Many young professionals have been faced with unexpected layoffs.
A rising number of unemployed professionals contribute to an over-qualified workforce struggling to cope with a new economic landscape.
The United States unemployment rate is still more than 8 percent; which creates a highly competitive job market. Global youth unemployment echoes the trend and is expected to rise globally to 12.9 percent by 2017 as more young people leave the workforce and the euro crisis spreads to emerging economies.
Faced with staggeringly high unemployment rates and dwindling conventional work options, many young professionals turn to entrepreneurship. Former VP of Marketing for a national urban retail chain, turned entrepreneur, Dae Bogan is one of them.
After being laid off, Dae Bogan decided to take a promising business concept he’d been working on while employed and sell it back to his former boss.
“I was laid off in April, after nearly 4 years with the company, as a part of several middle management cutbacks prior to fully developing the concept (a new in-store music video platform) and implementing it,” says Bogan.
After being laid off, he launched the first free cloud-based music video, digital signage solution for retail businesses — including music video distribution and promotional platforms for artists.
Realizing that his newly created business model would solve problems for his former employer and other companies he launched his entrepreneurial venture — sooner than expected. “I turned my idea, as an employee of the retailer, into a music tech startup. My former employer became our first customer, giving ChazBo Music the rights to 150 locations nationwide.”
Learn how Dae Bogan launched his tech music startup and why you should never burn bridges.
|Los Angeles, CA
|Advertising & Marketing
How I Got Started
I was the VP of Marketing at a leading urban contemporary clothing retail chain where we serviced a “hip-hop inspired” customer base. In our stores, we played music videos to support our store environment and enhance the shopping experience for our target customers.
The problem I faced (as the person solely responsible for providing our 100+ US locations with music videos) was that the owner of the company was not willing to pay for a traditional music video service.
So, I built relationships with artists and record labels who would send me music videos for free. However, we grew tired collecting video files and compiling, duplicating, and sending DVDs to store managers across the country. Our stores would go months with the same old DVD’s and therefore, we would receive hundreds of complaints from store employees and customers.
So, I developed a concept to build a cloud-based music video delivery and digital signage platform so artists and music labels wouldn’t have to send DVDs to stores.
It is a business model that saved my former boss thousands of dollars a month. Ironically I was laid off in April, after nearly 4 years with the company, as a part of several middle management cutbacks prior to fully developing the concept and implementing it. Consequently, the retail chain had no real solution for music videos in the store once I left.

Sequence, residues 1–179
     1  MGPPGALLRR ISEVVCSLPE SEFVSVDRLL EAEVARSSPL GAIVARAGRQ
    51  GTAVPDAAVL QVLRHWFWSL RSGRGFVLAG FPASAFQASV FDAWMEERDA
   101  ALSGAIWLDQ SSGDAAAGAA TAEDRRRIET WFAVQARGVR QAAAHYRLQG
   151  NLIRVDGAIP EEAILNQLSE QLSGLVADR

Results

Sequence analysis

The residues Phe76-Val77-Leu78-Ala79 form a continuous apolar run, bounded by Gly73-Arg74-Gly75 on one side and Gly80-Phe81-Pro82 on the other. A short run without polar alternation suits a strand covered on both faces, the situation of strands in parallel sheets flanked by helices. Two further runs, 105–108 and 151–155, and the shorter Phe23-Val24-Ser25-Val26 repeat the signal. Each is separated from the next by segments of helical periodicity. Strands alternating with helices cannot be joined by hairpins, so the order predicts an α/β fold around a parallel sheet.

I realized that thousands of businesses in the US faced similar problems.
I then turned my idea as an employee of the retailer into a music tech startup company. And four months after being laid off, the retailer (my former employer) became our first customer, giving ChazBo Music the rights to 150 locations nationwide.
Best Success Story
Going from being laid off to closing a multimillion dollar deal between my former employer and my new startup in under 120 days is our best success story yet. ChazBo Music entered into an exclusive distribution agreement with Shiekh Shoes where we will service their 150 retail locations across the country with music videos via our MusiChannel service for businesses.
Our business model is based on distribution and advertising revenues. The deal was closed in less than 120 days from being laid off from the same company, and only 90 days after founding ChazBo Music.
Biggest Startup Challenge
Zero startup capital. This was tough because I was unexpectedly laid off. Not only was I unprepared to tackle being unemployed (with minimal savings and upcoming plans to travel out of the country), I was not prepared to be forced into making my “concept” a business. But, I did it!
I was able to transform my concept into a business, land consulting work to fund my personal expenses for a short period of time, and close an account with my new customer (and former boss) which generated plenty of startup capital!
#1 Tip for Entrepreneurs
Never burn a bridge — especially in your professional life. Had I reacted differently after being laid off and cut ties with my former employer, I would not have had the opportunity to make them my customer.
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